Since nursing received the largest share of the hospitals’ labor budgets, observes Gordon, nursing was not only a logical, but an easy place to start cutting costs. The stage was thus set to target nurses for massive layoffs, to deprofessionalize the nursing practice, to jeopardize quality patient care, and ultimately, to create a massive shortage of nursing care and the nurses who would provide it.

Promising millions of dollars in savings, consultants restructured nursing staffs, claiming to create patient-centered care, which was an Orwellian way of describing the very opposite. Inadequately trained nurse’s aides replaced many licensed nurses at the bedside. Most clinical specialists lost their jobs, and in many hospitals more than half the nursing supervisors were fired. Nurses who complained about the changes were called obstructionists and told they were interfering with progress.

Staffing was cut and patient acuity increased. Patients were sicker, as managed care drove down lengths of stay, so workloads became more intense. Nurses worked through breaks and were asked to take on additional shifts. They experienced chronic stress, injuries and burnout. Lower standards led to accidents. As one nurse told Gordon, When you’re given 20 patients when you should have six, well, you’re only so good.

A nurse from Beth Israel Hospital in Boston, once famous for its nursing excellence, is quoted by Gordon as saying: It can be a wonderful career. It involves you intellectually, spiritually, creatively.... If you have the leadership and the tools, it’s all of that. At the B.I. we had all that. And then they took it all away.

The result has been overwhelming dissatisfaction among nurses, leading to the severe nursing shortage we have today. Many nurses, unhappy with mandatory overtime and longer shifts, left the profession. When nurses believe that exit is their only option, they are really expressing their profound sense of defeat. In effect, they are raising a white flag and admitting that the work of caring for the sick is not good, will never be any good, and thus, the only way to adapt is to get in and out as quickly as possible.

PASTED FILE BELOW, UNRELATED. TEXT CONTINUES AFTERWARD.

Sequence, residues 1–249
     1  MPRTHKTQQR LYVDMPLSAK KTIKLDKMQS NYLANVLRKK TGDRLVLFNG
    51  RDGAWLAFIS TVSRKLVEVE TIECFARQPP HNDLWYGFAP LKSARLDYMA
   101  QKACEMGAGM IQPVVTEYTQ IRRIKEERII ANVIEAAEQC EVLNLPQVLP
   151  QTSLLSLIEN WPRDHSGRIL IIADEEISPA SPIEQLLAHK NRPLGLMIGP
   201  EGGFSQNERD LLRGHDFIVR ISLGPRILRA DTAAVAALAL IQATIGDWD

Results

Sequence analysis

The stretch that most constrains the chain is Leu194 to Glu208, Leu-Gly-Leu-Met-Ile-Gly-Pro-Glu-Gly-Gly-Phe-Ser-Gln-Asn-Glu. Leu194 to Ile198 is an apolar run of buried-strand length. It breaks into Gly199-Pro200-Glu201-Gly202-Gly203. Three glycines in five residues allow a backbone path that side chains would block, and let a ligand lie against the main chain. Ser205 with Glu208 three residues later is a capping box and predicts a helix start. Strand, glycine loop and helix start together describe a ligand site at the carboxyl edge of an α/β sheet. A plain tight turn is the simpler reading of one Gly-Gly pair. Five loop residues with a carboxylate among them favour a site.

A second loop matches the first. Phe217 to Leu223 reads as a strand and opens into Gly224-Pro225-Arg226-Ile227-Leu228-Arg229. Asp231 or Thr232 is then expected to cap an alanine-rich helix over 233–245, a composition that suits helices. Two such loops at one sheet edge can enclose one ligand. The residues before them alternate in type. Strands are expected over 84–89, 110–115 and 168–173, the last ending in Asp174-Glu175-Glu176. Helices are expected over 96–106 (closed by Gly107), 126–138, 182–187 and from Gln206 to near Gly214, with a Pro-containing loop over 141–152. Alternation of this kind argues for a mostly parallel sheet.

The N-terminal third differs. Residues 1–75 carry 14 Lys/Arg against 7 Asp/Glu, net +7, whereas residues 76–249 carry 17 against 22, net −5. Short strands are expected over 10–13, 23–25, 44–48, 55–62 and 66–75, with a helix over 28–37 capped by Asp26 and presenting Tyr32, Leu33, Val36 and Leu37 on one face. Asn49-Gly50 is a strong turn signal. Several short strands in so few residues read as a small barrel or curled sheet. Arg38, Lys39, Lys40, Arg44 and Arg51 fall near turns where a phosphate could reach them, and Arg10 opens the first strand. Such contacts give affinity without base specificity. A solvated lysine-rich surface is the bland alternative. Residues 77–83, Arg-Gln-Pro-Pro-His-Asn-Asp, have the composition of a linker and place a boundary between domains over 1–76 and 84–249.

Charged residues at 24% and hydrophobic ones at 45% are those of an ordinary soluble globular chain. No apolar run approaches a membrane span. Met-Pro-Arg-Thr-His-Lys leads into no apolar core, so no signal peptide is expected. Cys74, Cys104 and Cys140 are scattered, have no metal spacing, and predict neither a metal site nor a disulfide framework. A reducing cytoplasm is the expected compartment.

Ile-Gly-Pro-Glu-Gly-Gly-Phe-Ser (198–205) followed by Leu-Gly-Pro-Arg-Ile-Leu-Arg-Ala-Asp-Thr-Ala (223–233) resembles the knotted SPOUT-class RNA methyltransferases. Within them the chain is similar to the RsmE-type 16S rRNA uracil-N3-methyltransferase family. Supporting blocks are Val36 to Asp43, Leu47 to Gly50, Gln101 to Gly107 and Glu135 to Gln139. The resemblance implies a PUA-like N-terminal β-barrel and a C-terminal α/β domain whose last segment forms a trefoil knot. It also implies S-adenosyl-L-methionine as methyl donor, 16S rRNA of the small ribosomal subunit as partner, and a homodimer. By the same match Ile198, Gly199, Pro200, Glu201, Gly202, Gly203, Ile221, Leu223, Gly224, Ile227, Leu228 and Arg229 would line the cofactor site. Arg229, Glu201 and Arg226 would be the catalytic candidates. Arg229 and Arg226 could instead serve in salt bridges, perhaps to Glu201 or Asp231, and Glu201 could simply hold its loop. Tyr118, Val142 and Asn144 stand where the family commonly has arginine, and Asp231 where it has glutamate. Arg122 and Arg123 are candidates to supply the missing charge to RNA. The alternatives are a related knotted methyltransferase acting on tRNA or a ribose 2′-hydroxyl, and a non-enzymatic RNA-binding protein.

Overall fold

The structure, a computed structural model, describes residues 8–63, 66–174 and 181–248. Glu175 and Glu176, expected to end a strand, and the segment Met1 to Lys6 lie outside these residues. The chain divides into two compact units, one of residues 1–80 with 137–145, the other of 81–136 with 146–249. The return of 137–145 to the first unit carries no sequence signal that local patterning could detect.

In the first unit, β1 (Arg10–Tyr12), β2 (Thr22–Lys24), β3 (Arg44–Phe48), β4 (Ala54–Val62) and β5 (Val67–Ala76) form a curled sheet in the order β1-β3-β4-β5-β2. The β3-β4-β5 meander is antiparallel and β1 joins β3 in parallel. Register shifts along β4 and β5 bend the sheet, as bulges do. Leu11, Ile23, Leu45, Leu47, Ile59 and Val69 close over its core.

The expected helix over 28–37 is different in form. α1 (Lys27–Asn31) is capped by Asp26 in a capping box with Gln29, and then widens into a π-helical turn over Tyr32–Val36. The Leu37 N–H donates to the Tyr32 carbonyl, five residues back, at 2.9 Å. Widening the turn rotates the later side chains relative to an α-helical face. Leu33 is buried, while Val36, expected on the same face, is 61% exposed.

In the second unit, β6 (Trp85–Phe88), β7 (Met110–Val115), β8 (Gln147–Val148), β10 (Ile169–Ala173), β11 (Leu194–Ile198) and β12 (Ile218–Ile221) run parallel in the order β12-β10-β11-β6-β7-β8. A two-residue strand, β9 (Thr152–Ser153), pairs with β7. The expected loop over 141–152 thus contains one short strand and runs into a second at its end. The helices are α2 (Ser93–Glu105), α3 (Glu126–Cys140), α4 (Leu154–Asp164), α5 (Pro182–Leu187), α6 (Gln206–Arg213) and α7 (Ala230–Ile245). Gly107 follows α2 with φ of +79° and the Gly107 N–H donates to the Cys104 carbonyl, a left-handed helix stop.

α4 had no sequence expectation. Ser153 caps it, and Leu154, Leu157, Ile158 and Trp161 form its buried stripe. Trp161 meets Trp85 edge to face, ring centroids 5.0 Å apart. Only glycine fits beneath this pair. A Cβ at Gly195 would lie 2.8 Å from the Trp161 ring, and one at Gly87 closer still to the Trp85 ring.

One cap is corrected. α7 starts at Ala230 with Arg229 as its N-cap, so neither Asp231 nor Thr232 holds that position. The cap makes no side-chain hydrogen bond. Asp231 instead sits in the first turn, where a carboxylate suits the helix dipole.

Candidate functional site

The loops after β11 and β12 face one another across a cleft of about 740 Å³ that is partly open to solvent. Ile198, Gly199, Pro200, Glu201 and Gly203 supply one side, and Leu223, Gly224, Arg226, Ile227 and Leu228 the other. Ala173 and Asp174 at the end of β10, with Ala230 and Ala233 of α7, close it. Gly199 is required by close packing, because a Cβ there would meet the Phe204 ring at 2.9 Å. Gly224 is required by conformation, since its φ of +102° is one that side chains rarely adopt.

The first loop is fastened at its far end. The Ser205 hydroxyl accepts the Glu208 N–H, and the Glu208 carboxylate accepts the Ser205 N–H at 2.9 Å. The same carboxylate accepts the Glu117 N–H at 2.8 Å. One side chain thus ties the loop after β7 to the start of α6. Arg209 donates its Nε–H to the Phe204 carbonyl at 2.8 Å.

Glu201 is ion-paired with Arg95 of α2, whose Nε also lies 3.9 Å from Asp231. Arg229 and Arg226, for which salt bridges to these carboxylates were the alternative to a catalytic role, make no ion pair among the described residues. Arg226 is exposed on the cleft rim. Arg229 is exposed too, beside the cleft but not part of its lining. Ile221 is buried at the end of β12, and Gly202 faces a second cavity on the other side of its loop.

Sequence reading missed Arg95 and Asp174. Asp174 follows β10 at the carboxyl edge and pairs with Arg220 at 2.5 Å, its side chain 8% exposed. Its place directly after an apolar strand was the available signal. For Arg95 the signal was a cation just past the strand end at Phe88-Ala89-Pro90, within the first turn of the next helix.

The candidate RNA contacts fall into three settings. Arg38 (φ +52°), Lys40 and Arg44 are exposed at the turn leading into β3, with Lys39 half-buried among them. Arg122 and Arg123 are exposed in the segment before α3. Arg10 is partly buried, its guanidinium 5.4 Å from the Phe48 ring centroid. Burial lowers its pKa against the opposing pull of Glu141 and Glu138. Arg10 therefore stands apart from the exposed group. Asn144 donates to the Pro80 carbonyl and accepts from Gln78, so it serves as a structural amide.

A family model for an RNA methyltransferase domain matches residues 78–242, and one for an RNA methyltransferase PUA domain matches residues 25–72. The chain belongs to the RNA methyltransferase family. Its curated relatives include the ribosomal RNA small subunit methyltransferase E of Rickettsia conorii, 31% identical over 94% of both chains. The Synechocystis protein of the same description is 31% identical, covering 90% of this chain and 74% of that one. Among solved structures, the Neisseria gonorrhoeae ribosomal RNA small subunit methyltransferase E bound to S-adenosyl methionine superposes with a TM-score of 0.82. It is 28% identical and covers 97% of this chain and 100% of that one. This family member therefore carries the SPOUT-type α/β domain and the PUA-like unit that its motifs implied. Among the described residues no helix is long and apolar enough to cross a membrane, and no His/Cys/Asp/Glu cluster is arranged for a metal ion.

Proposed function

Nursing Against the Odds is an important book. It is likely to serve as the catalyst for frank discussion among nurses, physicians and health care administrators. Is this true? they will ask. And if it is, what are we going to do about it?

Julie Trocchlo is senior director for continuing care ministries at the Catholic Health Association of the United States. She has nursing degrees from Georgetown University and the University of Maryland.

Comments

Patricia Kobielus Thompson | 2/21/2007 - 9:53am
Julie Trocchio’s review of Nursing Against the Odds by Suzanne Gordon (10/17) struck me right between the eyes, as I am both a nurse and a theologian. First, I can relate to her account of the arrogance of certain physicians. As one oncologist said to a patient when he completed a liver biopsy with my assistance: “The nurse will clean up, and I’ll explain this to you.” Unbelievable!

I saw the same attitude in working within the church, as a laywoman with a Ph.D. One priest, as I stood teaching a diocesan “pillar” course for catechists—the basics of the faith from the Catechism of the Catholic Church—turned to me and asked if my “husband had had to apply for the mandatum.” In our diocese the bishop had respect for all theologians and offered it to all of us, even adjuncts. But the sexism apparent in that question floored me, as I sat with my degree, attempting to contribute to the faith I have loved since youth, seeing that the light bulb just didn’t reach the socket! Oh, well. Judith’s experience echoes mine in both the nursing and the parish setting. We just shake our heads, as faithful Catholic women, and wonder how it is in this day and age that the menfolk just can’t seem to see the whole picture.